As the wisest of all American philosophers, Yogi Berra, has insightfully observed, making predictions is hard, especially about the future. And he might have added-pointing to the predictions of an impending Euro-American rupture that have been a staple of debates about U.S.-European relations at least since the 1956 Suez crisis-prognosticating accurately about the future of Transatlantic relations is extra hard. Through all the ups and downs in U.S.-European relations over the years, those many Chicken Littles who have gone out on a limb to forecast an impending drifting apart of Europe and the United States never have had their predictions validated by events.
Until now, perhaps?
The Iraq War has produced a very different kind of rift. The damage inflicted on Washington's ties to Europe by the Bush Administration's policy is likely to prove real, lasting and, at the end of the day, irreparable. In other words, if the fat lady isn't singing already, she clearly can be heard warming up her voice.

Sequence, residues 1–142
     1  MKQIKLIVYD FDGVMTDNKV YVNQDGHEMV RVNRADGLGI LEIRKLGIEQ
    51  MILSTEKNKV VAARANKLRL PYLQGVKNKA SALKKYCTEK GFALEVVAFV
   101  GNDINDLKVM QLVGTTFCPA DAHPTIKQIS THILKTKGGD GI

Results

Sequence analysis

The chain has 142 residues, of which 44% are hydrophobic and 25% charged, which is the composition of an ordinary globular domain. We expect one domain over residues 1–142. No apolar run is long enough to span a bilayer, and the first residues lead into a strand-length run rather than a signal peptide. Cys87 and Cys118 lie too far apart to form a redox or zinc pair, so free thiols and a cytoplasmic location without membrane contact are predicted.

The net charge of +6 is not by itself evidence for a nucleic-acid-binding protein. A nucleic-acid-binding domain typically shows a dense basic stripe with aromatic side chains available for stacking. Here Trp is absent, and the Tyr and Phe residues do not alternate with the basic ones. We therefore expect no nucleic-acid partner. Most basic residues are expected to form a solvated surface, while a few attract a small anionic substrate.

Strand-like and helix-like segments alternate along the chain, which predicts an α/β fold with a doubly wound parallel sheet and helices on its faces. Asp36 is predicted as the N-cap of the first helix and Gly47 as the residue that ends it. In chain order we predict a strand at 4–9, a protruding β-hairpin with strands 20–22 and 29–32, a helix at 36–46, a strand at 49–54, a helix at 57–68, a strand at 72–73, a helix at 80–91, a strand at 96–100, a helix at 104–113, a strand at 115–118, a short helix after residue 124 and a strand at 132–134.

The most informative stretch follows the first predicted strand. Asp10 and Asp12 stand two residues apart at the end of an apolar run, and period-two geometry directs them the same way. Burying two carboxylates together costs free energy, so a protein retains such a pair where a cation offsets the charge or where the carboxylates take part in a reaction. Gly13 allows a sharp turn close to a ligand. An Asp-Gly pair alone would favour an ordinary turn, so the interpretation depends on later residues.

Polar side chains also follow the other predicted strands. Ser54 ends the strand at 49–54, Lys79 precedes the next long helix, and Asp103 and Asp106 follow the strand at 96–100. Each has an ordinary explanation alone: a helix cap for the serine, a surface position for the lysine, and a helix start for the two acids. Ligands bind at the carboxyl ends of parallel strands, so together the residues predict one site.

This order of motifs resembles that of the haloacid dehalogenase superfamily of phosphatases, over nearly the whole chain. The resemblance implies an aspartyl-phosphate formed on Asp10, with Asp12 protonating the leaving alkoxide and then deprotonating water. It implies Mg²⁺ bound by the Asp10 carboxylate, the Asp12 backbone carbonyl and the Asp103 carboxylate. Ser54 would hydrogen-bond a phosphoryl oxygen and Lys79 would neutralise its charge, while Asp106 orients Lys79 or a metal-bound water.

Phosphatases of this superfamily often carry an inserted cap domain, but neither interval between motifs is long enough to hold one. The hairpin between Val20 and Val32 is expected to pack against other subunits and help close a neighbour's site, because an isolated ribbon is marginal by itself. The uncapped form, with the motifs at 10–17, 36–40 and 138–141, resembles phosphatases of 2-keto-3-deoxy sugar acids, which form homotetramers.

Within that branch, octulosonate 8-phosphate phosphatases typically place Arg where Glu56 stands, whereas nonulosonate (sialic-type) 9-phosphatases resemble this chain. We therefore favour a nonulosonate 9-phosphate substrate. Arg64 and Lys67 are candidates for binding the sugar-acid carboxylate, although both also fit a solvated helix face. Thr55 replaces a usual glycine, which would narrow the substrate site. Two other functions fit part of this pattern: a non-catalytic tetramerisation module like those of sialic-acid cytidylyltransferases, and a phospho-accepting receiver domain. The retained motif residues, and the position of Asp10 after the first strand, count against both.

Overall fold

To understand why this crisis is different, we must understand its causes. The rupture between the United States and Europe is not, as some have asserted, mainly about an alleged Transatlantic rift in the realm of culture, values and ideology. It is not about the relative merits of unilateralism versus multilateralism. It is not even about the issues that framed the debate about Iraq during the run-up to war (Should the weapons inspections process have been allowed to play out? Was the United States wrong to go to war without a second resolution from the United Nations Security Council?). For sure, Iraq was a catalyst for Transatlantic dispute, but this crisis has been about American power-specifically about American hegemony.
Of Balance and Hegemony